Following an OSHA Springfield Area Office inspection prompted by employee complaints, Flagg-Palmer Precast Inc. faces a total of $76,900 in proposed fines for 35 alleged repeat, serious and other than serious violations of workplace health and safety standards at its Oxford, Mass., plant
Source: Occupational Safety and Health Administration Region 1, Boston
Following an OSHA Springfield Area Office inspection prompted by employee complaints, Flagg-Palmer Precast Inc. faces a total of $76,900 in proposed fines for 35 alleged repeat, serious and other than serious violations of workplace health and safety standards at its Oxford, Mass., plant. Among hazardous conditions inspectors noted were bridge cranes bearing defective components; production and common areas littered with oil tanks, concrete rubble, combustible trash, rubbish and other debris; blocked or obstructed emergency exits; lack of eye, head and foot protection; no eyewash station; a defective forklift truck and no forklift training; defective slings; unguarded table saw and grinder; ungrounded or unprotected electrical equipment or wiring; unlabeled containers of hazardous chemicals; and, no hazard communication training. These conditions resulted in 25 serious citations, totaling $43,500 in OSHA-proposed fines, issued when death or serious physical harm is likely to result from hazards about which the employer knew or should have known.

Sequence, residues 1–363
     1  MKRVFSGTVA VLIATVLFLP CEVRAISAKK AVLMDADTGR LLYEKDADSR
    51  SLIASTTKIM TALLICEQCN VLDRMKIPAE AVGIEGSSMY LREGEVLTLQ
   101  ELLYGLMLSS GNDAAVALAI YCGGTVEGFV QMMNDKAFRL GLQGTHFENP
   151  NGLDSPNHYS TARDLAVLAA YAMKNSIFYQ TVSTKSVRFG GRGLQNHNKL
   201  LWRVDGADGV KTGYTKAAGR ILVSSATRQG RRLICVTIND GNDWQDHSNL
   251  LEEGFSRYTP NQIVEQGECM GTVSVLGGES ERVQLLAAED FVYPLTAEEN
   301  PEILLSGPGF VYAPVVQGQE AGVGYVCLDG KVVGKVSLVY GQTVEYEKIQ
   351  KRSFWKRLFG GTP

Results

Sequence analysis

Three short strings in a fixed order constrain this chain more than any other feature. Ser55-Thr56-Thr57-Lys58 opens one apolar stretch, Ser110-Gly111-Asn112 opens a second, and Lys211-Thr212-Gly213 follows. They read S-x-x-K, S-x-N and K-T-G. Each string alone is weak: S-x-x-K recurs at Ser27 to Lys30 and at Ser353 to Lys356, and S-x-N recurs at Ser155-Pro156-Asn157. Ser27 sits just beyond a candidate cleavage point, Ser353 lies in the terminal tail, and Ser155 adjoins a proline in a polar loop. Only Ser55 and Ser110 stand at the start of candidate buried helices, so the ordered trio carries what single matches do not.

Flagg-Palmer Precast also received nine repeat citations, totaling $32,400 in proposed fines, for hazards similar to those cited in a 2006 OSHA inspection. They addressed unguarded open-sided floors; no written confined space hazard program; unmarked confined spaces; no formal written program, hardware and training to instruct employees in shutting down machinesÌ power sources to prevent their unintended startup during maintenance; an ungrounded extension cord; exposed live electrical parts; and, no written hazard communication program. One lesser citation for which OSHA seeks a $1,000 fine entails incomplete or incorrect logging of occupational injuries.
These citations address a variety of hazards that should not exist in this type of workplace, said OSHA Springfield Area Director Mary Hoye. The fact that some of these conditions mirror those cited by OSHA in 2006 emphasizes the need for this employer to pursue prompt, continuous and effective corrective action.